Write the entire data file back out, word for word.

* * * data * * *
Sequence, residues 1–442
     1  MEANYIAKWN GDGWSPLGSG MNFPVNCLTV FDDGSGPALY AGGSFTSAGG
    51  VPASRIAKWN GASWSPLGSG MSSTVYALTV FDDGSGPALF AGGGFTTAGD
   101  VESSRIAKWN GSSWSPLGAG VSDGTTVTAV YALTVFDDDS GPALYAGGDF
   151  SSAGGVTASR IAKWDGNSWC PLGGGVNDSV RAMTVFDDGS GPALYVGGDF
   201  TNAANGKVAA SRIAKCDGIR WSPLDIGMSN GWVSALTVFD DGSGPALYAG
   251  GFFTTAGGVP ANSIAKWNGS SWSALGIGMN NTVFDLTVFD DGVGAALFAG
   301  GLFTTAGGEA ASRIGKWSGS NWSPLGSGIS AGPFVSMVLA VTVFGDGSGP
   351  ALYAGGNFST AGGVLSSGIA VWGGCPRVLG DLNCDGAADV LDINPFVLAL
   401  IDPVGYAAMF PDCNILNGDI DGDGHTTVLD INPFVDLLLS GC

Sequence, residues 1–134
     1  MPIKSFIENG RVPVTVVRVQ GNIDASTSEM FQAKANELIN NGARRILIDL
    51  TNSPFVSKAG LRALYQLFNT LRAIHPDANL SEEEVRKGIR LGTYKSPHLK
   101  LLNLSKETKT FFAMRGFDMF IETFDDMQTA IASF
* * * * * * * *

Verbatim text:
Sequence, residues 1–442
     1  MEANYIAKWN GDGWSPLGSG MNFPVNCLTV FDDGSGPALY AGGSFTSAGG
    51  VPASRIAKWN GASWSPLGSG MSSTVYALTV FDDGSGPALF AGGGFTTAGD
   101  VESSRIAKWN GSSWSPLGAG VSDGTTVTAV YALTVFDDDS GPALYAGGDF
   151  SSAGGVTASR IAKWDGNSWC PLGGGVNDSV RAMTVFDDGS GPALYVGGDF
   201  TNAANGKVAA SRIAKCDGIR WSPLDIGMSN GWVSALTVFD DGSGPALYAG
   251  GFFTTAGGVP ANSIAKWNGS SWSALGIGMN NTVFDLTVFD DGVGAALFAG
   301  GLFTTAGGEA ASRIGKWSGS NWSPLGSGIS AGPFVSMVLA VTVFGDGSGP
   351  ALYAGGNFST AGGVLSSGIA VWGGCPRVLG DLNCDGAADV LDINPFVLAL
   401  IDPVGYAAMF PDCNILNGDI DGDGHTTVLD INPFVDLLLS GC

Sequence, residues 1–134
     1  MPIKSFIENG RVPVTVVRVQ GNIDASTSEM FQAKANELIN NGARRILIDL
    51  TNSPFVSKAG LRALYQLFNT LRAIHPDANL SEEEVRKGIR LGTYKSPHLK
   101  LLNLSKETKT FFAMRGFDMF IETFDDMQTA IASF